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اگر تنهاترین تنهایان شوم باز هم خدا هست - The little show that came back from the dead
شنبه 27 آذر 1389  01:17 ب.ظ    ویرایش: - -

The little show that came back from the dead

The little show that came back from the dead Cult favorite CW show Supernatural was only supposed to have five seasons, ending with Lucifer and the archangel Michael in an Apocalypse smackdown. But it came back for a sixth season coda. Here's why you should be watching. Spoilers!

Last Friday, Supernatural's mid-season finale "Appointment in Samarra" was a perfect example of what this show has done to expand its scope while still following through on a many-season plot arc that's hard to forget - the Apocalypse and its consequences. That episode delivers the gallows humor that has made Supernatural a fan favorite, while also opening a window onto some of the refreshingly complicated metaphysical questions raised in a story where God has gone missing, the angels are at war in a post-Apocalypse heaven, and our monster-hunting protagonists Sam and Dean Winchester are struggling to reunite Sam with his tormented soul.

Most shows in this genre would leave unquestioned the idea that having a soul is a Good Thing. Not Supernatural. Sam's soul was ripped out of him after Lucifer turned the poor guy's body into a meatsack, picked a fight with archangel Michael's meatsack, and subsequently got chucked into Hell's cage when Heaven won the war for Earth. Basically, the two ex-angels have had nothing to alleviate their boredom except playing Doom with Sam's soul. Would having such a wounded, tortured soul really be better than "being all Replicant" the way Soulless Sam is now?

Judeo-Christian-Islamic beliefs are just another set of entertaining myths

Then again, most shows dealing with Judeo-Christian-Islamic themes wouldn't overtly treat these religious traditions as myths whose importance is roughly equal to myths about faeries and shape-shifters. Indeed, the point of Friday's episode was that the powers of Heaven and Hell pale in comparison to Death, a terrifying creature who transcends time, existed long before "God" and "Lucifer," and loves junk food. Supernatural is sly enough to tweak the self-importance of what you might call the "Big Three" religions. But it's gutsy enough to actually deal earnestly with the big questions these religions ask about the meaning of life.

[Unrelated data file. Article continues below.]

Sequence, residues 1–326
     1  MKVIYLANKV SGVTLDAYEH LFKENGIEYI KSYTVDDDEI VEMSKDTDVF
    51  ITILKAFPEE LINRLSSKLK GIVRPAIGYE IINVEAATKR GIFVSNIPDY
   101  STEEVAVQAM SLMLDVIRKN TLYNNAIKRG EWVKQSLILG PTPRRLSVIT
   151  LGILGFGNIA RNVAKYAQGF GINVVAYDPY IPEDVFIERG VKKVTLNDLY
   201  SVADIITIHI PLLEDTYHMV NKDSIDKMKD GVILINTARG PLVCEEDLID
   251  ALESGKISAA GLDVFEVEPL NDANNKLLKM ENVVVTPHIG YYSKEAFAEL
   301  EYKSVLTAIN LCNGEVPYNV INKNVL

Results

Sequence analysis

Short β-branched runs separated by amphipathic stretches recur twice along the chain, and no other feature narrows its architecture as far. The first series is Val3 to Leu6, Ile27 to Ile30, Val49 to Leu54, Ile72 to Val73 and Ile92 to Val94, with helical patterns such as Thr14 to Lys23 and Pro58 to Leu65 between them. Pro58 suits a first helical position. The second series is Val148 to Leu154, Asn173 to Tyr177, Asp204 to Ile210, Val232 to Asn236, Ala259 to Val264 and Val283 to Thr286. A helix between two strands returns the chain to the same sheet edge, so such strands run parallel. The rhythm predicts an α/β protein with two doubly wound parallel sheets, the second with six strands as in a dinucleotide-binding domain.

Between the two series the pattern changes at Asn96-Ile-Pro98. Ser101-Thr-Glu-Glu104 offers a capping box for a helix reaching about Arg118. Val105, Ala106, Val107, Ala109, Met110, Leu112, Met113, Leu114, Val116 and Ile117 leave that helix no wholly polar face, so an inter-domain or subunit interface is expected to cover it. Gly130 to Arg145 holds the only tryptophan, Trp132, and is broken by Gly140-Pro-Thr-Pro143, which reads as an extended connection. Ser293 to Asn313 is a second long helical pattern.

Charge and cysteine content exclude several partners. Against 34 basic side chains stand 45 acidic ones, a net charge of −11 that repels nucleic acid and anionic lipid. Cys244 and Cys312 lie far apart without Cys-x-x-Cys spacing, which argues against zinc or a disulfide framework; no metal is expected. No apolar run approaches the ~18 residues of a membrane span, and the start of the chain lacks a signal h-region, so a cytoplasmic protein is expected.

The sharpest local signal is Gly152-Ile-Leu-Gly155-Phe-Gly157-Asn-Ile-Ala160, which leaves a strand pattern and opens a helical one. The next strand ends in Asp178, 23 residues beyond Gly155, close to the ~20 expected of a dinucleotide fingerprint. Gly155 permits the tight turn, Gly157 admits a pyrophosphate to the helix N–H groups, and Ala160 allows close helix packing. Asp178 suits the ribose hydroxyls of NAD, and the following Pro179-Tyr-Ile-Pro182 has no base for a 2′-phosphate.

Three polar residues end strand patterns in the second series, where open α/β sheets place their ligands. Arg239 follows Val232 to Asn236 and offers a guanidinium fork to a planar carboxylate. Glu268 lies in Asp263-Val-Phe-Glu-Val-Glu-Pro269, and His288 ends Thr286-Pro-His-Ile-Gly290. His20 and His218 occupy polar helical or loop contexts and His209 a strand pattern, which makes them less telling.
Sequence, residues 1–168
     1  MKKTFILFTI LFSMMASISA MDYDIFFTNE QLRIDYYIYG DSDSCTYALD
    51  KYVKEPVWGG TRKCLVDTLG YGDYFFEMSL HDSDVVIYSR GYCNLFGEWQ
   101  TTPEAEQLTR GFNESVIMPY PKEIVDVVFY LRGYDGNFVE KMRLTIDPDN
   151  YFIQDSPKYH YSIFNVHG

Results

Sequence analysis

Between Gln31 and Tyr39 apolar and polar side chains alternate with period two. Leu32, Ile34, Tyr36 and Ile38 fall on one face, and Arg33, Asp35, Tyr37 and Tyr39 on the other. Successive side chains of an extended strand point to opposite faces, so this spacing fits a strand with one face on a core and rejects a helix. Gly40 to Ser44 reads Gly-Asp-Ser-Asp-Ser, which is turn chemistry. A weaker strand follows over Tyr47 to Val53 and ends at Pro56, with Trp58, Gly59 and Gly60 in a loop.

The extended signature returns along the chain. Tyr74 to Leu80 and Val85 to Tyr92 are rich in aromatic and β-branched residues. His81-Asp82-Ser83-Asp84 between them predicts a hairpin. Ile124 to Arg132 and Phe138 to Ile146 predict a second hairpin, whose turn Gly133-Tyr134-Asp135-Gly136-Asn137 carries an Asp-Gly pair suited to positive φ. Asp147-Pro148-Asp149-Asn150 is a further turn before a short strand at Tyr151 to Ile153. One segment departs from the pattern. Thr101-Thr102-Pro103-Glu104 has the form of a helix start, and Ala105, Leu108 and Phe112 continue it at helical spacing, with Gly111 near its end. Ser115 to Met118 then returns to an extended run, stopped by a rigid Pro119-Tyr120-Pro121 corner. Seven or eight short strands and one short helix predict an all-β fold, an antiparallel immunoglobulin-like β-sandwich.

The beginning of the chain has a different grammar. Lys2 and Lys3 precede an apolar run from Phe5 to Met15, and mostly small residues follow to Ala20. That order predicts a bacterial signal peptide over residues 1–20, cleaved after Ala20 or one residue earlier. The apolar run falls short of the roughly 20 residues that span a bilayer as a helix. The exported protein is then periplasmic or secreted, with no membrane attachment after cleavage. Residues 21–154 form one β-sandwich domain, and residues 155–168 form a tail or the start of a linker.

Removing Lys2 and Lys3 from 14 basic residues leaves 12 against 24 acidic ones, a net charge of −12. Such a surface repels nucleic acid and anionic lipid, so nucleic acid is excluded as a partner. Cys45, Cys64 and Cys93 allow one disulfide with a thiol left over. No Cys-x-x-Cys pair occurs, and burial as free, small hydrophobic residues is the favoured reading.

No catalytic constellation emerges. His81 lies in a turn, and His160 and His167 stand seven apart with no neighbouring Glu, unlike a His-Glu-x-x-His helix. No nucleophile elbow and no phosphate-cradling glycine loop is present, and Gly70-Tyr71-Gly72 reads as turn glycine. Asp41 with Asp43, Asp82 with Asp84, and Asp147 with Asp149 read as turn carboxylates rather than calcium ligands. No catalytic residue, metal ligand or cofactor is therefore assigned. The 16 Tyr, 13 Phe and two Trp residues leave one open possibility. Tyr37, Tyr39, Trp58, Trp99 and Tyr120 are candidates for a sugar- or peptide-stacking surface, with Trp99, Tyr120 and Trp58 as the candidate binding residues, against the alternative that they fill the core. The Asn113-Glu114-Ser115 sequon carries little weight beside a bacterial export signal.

Though this half-season has been dealing a lot with what happened to the Winchesters in the post-Apocalypse, it's also been about what's going on in all the significant parts of the supernatural world that really don't give a crap about the Big Three. There are huge groups of monsters whose lives and deaths are untouched by God and Heaven. One of the season's big mysteries is what motivates these monsters. Do they have an ethical system? Are they evil? Where do they go when they die? The new "king of Hell," Crowley, spent several episodes trying to track down Purgatory - AKA the monster afterlife zone - because he thought it was great "Hell-adjacent real estate."

Monsters of the week, in Supernatural season 6, are never just that. They're also a reminder that the Big Three religions are not the be-all and end-all when it comes to cosmology.

Death takes a holiday

Now that we've brought the Big Three down a peg, Friday night's episode gave us a peek at one of those cosmological powers far greater than anything God or Lucifer could ever conceive. Desperate to make Sam whole again, Dean has himself temporarily killed so that he can talk Death himself into retreiving Sam's soul. Robert Englund cameos as the doctor who helps Hunters from the less-than-sanitary rooms behind a butcher shop.

And Death is willing to bargain. He'll rescue Sam's broken soul - and even create a wall around the damaged parts of it - if Dean will just wear Death's ring for 24 hours. That means Dean has to kill everybody on Death's list, and (usually) answer a few confused, tearful questions from their about-to-be-reaped souls. Things start easy - he kills a guy who was threatening a kid with a gun, then gives a typically rock-n-roll explanation of life's meaning to a cholesterol-snarfing guy he killed with a heart attack.

   


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